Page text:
Sanjay Leela Bhansali Birthday Special: The Exquisite Tapestry Of The Maverick Filmmaker's Cinema

On Sanjay Leela Bhansali's 58th birthday, here's looking at the filmmaker's 9 films that weave magic on the silver screen.

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Sanjay Leela Bhansali Birthday Special: The Exquisite Tapestry Of The Maverick Filmmaker's Cinema
No one does it quite like Sanjay Leela Bhansali (SLB). His cinema weaves passionate dreams into the operatic language, creating a world so beautiful you wish it really existed. In an industry where filmmakers try to do clutter-breaking films, here is that rare creative genius in the tradition of V Shantaram, Raj Kapoor, Mehboob Khan and Bimal Roy who toils over the frame and every costume of his incandescent heroine as if his life depended on it.

Here’s looking at SLB enchanting oeuvre.

Khamoshi: The Musical (1996): Some say SLB’s first film about the beautiful vulnerable Annie (Manisha Koirala) trying to cope with the possessive demands of her deaf and mute parents (Nana Patekar, Seema Biswas) is still his most honest work. The truth is Khamoshi fell prey to dishonesty when the original tragic ending of Annie’s death had to be changed on distributors’ demand. The dark passionate redemptive tale was rejected on the day it was released. Rejection reminds us of Madhuri Dixit and Kajol, they both turned down the lead. Manisha immortalized herself with her porcelain looks and delicately nuanced performance. True to character, Nana had huge altercations with the director over the role’s interpretation. Salman sportingly slipped into a supporting role, just to give his friend a boost up in his directorial debut.

Hum…Dil De Chuke Sanam (1999): Some say, this is SLB’s tenderest work to date. There is certainly a magic at work here, magic that emanates from the elegant romance between Aishwarya Rai and Salman Khan set in the spicy aromatic bustle of a large upper-class Gujarati household. Ajay Devgn was surprisingly effective as Nandini’s husband who takes upon himself the task of reuniting his wife with her lover. The idea of such illimitable nobility was inspired by Mani Ratnam’s Moun Ragam. Salman was keen that his character ‘get’ Aishwarya at the end. He even sought Sooraj Barjatya’s help to convince SLB.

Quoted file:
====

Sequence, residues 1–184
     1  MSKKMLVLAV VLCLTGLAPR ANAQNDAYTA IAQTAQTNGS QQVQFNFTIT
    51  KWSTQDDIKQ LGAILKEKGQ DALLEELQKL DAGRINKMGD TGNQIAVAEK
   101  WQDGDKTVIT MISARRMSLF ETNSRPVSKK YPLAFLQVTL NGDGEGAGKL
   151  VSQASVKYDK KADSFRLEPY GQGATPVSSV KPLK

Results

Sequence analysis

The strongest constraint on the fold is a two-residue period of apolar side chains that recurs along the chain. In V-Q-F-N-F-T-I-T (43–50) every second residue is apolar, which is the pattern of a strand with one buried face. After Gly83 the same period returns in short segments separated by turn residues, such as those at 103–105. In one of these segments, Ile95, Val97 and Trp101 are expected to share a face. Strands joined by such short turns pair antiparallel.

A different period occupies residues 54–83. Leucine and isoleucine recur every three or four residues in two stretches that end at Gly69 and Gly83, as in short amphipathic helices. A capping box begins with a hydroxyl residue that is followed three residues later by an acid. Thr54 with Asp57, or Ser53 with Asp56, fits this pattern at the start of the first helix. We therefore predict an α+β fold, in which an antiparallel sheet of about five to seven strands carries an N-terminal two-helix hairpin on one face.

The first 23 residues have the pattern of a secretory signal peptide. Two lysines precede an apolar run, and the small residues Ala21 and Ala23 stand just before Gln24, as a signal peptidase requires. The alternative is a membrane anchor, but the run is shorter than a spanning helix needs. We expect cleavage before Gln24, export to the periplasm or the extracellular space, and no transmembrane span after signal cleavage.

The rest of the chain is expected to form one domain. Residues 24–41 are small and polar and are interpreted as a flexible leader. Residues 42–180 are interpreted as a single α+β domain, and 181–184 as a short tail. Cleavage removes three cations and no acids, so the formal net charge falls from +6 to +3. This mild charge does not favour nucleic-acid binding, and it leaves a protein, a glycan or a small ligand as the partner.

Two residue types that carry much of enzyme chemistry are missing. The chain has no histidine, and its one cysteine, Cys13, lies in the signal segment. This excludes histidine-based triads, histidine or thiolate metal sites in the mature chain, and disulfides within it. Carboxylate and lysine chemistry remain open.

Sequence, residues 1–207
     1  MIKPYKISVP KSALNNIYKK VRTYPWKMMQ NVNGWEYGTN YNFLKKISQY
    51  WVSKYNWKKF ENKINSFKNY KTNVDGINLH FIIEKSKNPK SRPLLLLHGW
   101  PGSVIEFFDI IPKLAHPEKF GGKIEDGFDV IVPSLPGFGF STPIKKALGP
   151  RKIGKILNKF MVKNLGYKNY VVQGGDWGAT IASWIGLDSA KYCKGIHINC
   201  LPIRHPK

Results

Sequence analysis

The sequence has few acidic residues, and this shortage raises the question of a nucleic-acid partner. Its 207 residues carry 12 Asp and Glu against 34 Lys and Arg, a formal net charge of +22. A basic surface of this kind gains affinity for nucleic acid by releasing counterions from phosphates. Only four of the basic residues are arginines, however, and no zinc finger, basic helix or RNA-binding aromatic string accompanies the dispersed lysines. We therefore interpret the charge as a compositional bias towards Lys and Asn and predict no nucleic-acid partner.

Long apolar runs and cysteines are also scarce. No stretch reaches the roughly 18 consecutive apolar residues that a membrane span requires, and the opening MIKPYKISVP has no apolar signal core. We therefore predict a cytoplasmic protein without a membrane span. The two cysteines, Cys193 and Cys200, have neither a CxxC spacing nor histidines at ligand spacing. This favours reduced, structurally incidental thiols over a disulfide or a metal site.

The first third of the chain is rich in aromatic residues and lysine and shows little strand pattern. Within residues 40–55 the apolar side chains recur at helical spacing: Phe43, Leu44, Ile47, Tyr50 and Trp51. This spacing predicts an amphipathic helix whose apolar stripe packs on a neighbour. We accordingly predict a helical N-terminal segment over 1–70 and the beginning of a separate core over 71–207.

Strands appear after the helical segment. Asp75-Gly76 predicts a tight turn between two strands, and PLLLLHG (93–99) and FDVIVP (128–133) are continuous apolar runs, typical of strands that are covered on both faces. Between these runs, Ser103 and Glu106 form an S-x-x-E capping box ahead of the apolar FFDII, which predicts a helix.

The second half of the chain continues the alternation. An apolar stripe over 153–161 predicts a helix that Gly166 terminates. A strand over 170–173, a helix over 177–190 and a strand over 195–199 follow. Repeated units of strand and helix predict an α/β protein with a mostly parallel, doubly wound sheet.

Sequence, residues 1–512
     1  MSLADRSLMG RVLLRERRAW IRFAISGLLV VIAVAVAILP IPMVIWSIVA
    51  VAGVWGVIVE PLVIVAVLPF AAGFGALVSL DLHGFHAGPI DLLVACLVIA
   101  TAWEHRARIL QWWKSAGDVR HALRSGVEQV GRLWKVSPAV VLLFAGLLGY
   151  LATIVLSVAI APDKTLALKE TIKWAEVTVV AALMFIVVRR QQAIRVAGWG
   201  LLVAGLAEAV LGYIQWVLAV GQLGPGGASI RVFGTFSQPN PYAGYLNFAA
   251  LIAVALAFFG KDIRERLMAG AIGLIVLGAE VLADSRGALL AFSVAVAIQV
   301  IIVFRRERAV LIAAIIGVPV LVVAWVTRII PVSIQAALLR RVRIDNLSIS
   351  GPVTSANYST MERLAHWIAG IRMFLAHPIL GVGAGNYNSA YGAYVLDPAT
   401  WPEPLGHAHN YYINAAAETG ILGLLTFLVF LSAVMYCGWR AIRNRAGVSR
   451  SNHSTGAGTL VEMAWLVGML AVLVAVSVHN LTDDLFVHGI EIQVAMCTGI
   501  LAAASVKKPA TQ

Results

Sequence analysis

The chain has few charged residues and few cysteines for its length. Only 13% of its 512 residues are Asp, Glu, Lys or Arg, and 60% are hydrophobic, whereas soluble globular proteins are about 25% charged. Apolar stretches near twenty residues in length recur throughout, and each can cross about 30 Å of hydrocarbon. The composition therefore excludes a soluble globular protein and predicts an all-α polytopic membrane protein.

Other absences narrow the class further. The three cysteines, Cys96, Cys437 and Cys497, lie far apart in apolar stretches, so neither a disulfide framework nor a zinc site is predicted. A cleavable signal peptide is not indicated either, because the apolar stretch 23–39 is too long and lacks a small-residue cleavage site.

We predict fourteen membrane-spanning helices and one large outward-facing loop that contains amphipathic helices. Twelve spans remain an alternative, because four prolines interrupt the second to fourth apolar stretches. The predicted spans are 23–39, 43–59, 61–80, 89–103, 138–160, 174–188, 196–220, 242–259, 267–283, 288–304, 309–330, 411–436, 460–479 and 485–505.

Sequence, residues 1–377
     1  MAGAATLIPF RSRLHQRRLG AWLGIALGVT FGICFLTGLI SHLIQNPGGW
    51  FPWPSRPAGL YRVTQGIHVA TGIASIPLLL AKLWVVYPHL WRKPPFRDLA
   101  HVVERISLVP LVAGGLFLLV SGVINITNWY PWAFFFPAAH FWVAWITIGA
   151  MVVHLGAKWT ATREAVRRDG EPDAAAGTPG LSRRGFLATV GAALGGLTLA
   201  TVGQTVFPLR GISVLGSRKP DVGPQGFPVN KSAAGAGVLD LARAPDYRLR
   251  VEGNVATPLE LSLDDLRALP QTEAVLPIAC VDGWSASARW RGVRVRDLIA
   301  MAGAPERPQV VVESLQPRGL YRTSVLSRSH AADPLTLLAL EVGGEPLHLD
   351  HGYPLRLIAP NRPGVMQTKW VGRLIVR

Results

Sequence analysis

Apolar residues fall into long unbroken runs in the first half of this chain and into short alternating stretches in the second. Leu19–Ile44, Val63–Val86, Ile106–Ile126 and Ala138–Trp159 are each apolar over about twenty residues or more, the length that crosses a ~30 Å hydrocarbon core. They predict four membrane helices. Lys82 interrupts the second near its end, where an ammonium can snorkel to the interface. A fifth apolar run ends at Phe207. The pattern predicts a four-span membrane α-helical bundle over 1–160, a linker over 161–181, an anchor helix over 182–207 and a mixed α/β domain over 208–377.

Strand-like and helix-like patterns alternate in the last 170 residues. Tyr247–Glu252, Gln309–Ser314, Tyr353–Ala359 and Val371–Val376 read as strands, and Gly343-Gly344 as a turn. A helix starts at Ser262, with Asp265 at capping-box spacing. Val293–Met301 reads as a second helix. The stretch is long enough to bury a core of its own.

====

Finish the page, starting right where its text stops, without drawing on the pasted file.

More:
Devdas (2002): 13 years ago, made at a staggering budget of Rs 60 (which is today’s equivalent of Rs 200 crores) SLB’s version of the classic Saratchandra saga of love loyalty betrayal and redemption was a giddying opera of exacerbated emotions and heightened drama. The stunning visuals, the opulent sets and the mystical magical song and dance sequences made this version of Devdas a  masterclass on  ‘The Bollywood Dream’. Many found the film’s excessive emphasis on opulence to be overpowering. But to this day, Devdas remains SLB’s most patent work. 

Black (2005): Many think Black to be the minimalist counterpoint to the extravagance of SLB’s previous work Devdas. Nothing could be further from the truth. Though the film was outwardly the stark story of the relationship between a specially-abled girl and her teacher, underneath the political correctness of the theme the film screamed with epic ecstasy in every frame. With extraordinary central performances by Rani Mukherjee and Amitabh Bachchan, Black was a stunning ode to the spirit of resilience and tenacity, done in flamboyant shades. Even the snowflakes were measured in their beauty. 

Saawariya (2007): Intended as a play-on-film this exceptionally unorthodox experiment with form prompted boos galore from critics and the audience. Saawariya is SLB’s most misunderstood film to date. It creates a self-contained world of fantasy landscape and wispy love, held together by the most spectacular debut seen in the last 15 years. Ranbir Kapoor as Raj, the waif with a heart of gold and feet like Fred Astaire, was a prized discovery. The film needs a second less excitable reading. Go beyond the blue veneer and discover the multi-hued heart. 

Guzaarish (2010): SLB’s third and last film about the desperate longings of the physically disabled, this one starred Hrithik Roshan in a stellar if somewhat all-knowing performance as the paraplegic who would rather die than remain progressively dependent on his beautiful nurse, played by Aishwarya Rai. There was much to be admired about the way the director cut his scenes to bring out the fugitive anxieties of a protagonist on the brink. But somehow this remains SLB’s most unfinished work. 

Goliyon Ki Raaslila Ram Leela (2013): A raunchy Gujju Romeo & Juliet with Ranveer Singh and Deepika Padukone sexing up their on-screen chemistry with loads of innuendo and bawdy backchat. Deepika has recently said that there is a raunchy side to her director. She’s right. SLB gave free rein to that side of his personality, bringing a rumbustious irreverence into the reckless romance between a pair separated by ancestral animosity. 

Bajirao Mastani (2015): The director is in full form. A grand royal epic about two extremely volatile warriors from enemy territory in love, Ranveer Singh and Deepika Padukone bring to the epic saga a kind of hate-to-love-you compelling conflict that we last saw in K Asif’s Mughal-e-Azam. Tonally tempestuous and yet eschewing the operatic extravagance of Devdas, Bajirao Mastani shows its director at the peak of his powers. What next, Mr Bhansali?

Padmaavat (2018): Skirmishes, assaults, protests, death threats... epic battles were fought from behind the scenes before this incredibly hard-pressed work of epic struggles finally made it to the theatres. Among its many virtues, this blockbuster has made the Ghoomar dance a household name. PS. It has also made the Karni Sena a household name.

Image source: SpotboyE archives
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